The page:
The main reason Linda Ronstadt received her first nomination this year, 21 years after she was first eligible to be nominated, is the main reason I'm furious.  In July the 67-year-old singer announced that she has Parkinson's Disease, resulting in her being unable to sing any longer.  So, in essence, this nomination is basically a pity party.  

Criminal.  Positively criminal.  The Rock and Roll Hall of Fame nominating committee should be ashamed of itself.

Ronstadt was rock's #1 female artist in the 1970's.  Nobody was close to her.  In fact, you're probably hard-pressed to name another successful female rock singer in the 1970's:  Bonnie Raitt and Tina Turner were years away from becoming household names, and Heart (led by sisters Ann and Nancy Wilson) only started in the late 70's and didn't hit their stride until the 80's.  The other major female acts in the 1970's were pop (such as Barbra Streisand), disco (Donna Summer) or R&B (Diana Ross).  Rock had but one major female voice, and it belonged to Linda Ronstadt.

Ronstadt, however, was never limited to just rock.  Her music tastes are quite diverse, and she reflected this in the songs she sang.  Her 1974 masterpiece Heart Like a Wheel successfully walked a line between rock and country, with her covers of "You're No Good" and "When Will I Be Loved" balanced against "I Can't Help It If I'm Still In Love With You" and "Faithless Love."  Her list of country hits date to that year, when her version of "Silver Threads and Golden Needles" made the Billboard country top 20.  Ronstadt won three country Grammy awards, including two for her collaboration with Dolly Parton and Emmylou Harris in the Trio projects.   

She repeatedly walked that fine line throughout much of her career -- not always successfully (her cover of the Rolling Stones' "Tumbling Dice" is almost comical, and not in a good way)  -- but you could always count on Linda Ronstadt to knock you out with that voice of hers that Parton once labeled as one of only three "real" female voices in the world (the other two, according to Parton, belonging to Streisand and Connie Smith:  "the rest of us are just pretenders").  Now Parkinson's Disease has silenced that marvelous voice.  So, much like a sympathy vote (no doubt how Donna Summer gathered enough votes for a posthumous induction last year), Ronstadt has now received the first nomination to the Rock and Roll Hall of Fame in her life; and, as I predicted in my rock blog (and will reiterate here) I would bet the ranch if I owned one that she will be inducted.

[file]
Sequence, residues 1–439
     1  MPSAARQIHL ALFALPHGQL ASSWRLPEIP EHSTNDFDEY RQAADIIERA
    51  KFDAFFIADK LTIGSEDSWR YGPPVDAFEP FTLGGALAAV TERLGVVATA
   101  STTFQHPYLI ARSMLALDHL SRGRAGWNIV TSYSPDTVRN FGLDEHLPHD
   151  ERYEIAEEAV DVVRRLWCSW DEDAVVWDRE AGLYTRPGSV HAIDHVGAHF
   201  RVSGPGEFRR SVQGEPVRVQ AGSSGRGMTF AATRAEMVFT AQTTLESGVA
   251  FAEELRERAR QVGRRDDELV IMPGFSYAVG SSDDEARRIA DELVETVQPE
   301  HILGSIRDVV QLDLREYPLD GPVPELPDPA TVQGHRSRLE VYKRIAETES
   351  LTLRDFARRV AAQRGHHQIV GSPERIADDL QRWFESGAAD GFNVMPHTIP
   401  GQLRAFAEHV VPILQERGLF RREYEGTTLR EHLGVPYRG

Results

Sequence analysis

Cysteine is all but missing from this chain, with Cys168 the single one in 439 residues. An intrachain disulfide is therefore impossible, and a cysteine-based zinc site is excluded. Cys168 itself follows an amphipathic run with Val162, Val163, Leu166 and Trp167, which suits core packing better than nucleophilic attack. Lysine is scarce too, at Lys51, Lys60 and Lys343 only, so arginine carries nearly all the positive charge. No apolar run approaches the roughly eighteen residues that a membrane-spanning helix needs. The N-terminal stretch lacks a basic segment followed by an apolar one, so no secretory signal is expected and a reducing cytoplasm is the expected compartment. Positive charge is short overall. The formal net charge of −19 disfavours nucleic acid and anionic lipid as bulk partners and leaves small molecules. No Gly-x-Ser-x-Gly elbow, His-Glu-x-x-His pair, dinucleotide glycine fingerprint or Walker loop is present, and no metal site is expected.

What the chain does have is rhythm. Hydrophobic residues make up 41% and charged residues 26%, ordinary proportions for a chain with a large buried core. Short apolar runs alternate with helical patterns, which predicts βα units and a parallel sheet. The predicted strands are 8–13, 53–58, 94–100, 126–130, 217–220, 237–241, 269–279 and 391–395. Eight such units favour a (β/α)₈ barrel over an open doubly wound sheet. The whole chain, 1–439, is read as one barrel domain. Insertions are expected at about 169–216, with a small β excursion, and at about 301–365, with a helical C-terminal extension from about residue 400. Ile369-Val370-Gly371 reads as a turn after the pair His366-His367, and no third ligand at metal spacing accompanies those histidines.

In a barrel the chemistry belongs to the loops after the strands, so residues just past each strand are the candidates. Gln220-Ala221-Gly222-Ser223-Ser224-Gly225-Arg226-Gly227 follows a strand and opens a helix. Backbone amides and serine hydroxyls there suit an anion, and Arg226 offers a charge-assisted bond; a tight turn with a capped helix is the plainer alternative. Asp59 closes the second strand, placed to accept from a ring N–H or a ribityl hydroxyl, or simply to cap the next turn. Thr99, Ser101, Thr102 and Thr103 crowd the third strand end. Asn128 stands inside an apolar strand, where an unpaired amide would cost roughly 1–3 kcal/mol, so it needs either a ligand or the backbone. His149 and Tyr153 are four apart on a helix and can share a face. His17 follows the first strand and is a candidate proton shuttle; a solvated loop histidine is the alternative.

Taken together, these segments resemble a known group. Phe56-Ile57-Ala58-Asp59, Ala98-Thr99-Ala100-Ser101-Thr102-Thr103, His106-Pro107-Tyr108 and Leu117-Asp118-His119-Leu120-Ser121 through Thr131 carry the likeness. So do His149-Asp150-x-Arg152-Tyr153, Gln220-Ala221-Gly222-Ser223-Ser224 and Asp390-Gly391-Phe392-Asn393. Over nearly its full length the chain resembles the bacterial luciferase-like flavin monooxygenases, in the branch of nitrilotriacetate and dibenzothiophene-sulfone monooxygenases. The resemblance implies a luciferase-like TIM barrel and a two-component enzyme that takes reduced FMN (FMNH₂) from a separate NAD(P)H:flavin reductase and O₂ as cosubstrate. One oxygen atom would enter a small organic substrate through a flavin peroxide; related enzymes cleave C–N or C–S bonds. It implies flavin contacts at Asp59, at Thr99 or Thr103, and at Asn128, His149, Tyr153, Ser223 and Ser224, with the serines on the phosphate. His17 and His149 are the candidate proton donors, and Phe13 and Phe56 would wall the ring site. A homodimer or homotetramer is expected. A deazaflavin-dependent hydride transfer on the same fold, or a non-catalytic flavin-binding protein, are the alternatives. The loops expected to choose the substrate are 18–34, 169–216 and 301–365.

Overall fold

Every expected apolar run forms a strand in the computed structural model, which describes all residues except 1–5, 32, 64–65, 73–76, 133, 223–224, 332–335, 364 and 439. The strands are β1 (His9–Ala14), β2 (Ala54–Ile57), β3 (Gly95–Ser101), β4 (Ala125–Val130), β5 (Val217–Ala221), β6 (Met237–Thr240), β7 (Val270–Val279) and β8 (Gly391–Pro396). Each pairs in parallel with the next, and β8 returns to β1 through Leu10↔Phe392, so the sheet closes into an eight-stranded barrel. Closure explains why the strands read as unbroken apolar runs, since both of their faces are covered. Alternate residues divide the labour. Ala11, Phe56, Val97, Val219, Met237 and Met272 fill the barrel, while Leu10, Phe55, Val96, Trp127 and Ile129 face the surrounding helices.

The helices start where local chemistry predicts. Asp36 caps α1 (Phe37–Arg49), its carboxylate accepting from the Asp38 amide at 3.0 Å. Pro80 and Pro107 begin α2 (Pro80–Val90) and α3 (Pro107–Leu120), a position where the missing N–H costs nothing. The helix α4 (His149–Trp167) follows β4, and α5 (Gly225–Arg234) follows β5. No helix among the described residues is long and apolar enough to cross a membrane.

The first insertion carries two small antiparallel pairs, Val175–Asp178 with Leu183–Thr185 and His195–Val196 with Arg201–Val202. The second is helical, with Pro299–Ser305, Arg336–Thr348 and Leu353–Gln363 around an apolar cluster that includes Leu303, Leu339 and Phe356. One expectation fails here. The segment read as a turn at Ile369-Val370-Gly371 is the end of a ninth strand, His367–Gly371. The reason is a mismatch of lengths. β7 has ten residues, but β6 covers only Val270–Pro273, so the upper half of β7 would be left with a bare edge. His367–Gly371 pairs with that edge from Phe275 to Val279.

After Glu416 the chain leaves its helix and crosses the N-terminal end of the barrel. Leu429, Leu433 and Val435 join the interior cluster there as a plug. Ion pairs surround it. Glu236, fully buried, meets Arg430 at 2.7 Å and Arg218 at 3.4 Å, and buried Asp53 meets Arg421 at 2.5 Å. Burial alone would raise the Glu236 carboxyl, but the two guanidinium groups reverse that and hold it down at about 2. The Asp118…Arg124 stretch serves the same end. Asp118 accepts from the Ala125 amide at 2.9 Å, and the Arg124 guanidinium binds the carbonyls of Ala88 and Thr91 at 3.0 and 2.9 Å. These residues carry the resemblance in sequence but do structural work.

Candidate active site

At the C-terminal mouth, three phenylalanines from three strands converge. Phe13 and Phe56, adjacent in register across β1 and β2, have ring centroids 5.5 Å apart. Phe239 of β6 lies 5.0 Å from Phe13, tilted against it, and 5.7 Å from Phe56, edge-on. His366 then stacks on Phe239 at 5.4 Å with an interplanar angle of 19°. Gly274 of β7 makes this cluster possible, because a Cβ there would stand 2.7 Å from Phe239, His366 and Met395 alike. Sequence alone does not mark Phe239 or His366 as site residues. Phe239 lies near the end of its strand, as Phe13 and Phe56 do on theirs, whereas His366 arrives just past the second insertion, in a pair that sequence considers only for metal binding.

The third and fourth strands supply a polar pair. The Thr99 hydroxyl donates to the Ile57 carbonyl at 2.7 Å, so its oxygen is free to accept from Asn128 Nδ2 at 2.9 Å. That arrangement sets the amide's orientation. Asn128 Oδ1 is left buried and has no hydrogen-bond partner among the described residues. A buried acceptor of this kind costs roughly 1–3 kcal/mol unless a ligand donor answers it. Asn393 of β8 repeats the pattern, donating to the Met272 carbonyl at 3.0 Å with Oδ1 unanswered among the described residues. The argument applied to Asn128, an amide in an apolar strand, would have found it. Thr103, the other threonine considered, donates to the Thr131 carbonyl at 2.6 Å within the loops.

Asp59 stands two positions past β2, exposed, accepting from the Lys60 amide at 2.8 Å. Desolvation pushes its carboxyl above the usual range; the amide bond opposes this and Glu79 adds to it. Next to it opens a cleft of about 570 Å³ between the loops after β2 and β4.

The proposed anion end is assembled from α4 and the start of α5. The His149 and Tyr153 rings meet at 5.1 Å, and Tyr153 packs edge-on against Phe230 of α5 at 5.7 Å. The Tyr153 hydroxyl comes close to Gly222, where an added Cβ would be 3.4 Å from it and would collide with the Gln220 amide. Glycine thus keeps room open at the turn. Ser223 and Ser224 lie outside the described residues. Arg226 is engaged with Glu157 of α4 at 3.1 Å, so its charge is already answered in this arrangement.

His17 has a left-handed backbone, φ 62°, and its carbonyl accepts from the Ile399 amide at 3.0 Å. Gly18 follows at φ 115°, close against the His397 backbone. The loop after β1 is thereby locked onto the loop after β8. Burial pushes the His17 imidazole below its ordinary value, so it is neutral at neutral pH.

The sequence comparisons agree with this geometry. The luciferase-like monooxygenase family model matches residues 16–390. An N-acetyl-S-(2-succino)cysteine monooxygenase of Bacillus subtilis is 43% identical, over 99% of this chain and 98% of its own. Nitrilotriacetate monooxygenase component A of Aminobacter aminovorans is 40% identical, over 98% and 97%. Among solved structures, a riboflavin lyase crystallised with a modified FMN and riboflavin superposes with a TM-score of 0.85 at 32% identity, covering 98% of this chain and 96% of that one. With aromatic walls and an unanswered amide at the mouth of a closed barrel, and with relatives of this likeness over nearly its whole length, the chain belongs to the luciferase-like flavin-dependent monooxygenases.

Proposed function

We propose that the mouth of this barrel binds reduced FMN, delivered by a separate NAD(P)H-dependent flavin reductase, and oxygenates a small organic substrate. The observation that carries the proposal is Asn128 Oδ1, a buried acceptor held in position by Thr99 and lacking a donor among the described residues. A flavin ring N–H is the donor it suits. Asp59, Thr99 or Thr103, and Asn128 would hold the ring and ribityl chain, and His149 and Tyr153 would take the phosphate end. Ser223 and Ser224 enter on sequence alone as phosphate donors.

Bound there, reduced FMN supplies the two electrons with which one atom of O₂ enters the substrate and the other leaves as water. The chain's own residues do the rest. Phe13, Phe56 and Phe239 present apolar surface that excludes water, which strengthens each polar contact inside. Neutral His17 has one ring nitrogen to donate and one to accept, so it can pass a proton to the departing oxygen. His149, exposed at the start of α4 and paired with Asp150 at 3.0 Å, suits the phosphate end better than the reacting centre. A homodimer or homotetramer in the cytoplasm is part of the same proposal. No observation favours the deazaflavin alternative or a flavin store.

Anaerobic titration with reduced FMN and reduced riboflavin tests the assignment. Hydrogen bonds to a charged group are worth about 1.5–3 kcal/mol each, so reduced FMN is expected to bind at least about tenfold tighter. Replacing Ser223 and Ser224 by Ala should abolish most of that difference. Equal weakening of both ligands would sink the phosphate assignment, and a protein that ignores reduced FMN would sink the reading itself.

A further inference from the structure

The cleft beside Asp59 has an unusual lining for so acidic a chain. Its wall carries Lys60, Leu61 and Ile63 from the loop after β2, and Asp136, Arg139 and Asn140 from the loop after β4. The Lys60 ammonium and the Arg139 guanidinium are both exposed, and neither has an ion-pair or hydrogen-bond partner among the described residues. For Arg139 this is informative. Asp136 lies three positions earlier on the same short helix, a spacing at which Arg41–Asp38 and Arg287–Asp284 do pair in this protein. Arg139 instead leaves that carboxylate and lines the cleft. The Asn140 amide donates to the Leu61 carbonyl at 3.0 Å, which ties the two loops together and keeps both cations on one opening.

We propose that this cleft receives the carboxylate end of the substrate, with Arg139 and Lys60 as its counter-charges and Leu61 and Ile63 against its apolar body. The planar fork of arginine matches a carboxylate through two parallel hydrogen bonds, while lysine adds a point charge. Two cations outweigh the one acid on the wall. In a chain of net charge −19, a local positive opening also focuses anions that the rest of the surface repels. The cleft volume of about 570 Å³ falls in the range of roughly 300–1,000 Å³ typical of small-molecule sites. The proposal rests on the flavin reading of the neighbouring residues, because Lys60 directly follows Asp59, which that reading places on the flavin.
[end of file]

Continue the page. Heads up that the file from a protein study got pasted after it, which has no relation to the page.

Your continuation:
Linda Ronstadt's music has enriched the lives of fans of country, rock, pop (check out her albums recorded with Nelson Riddle), Mexican Mariachi music, and Broadway.  She should have been inducted years ago, when she could have entertained the audience with her marvelous voice.

I would love nothing more than for God to grant her one last curtain call, so she could sing a farewell to her three generations of fans and, as a friend of mine put it, sing the rafters off the building in a middle-finger response of sorts to being overlooked for so long.  

Linda Ronstadt with Emmylou Harris (and Ricky Skaggs on guitar)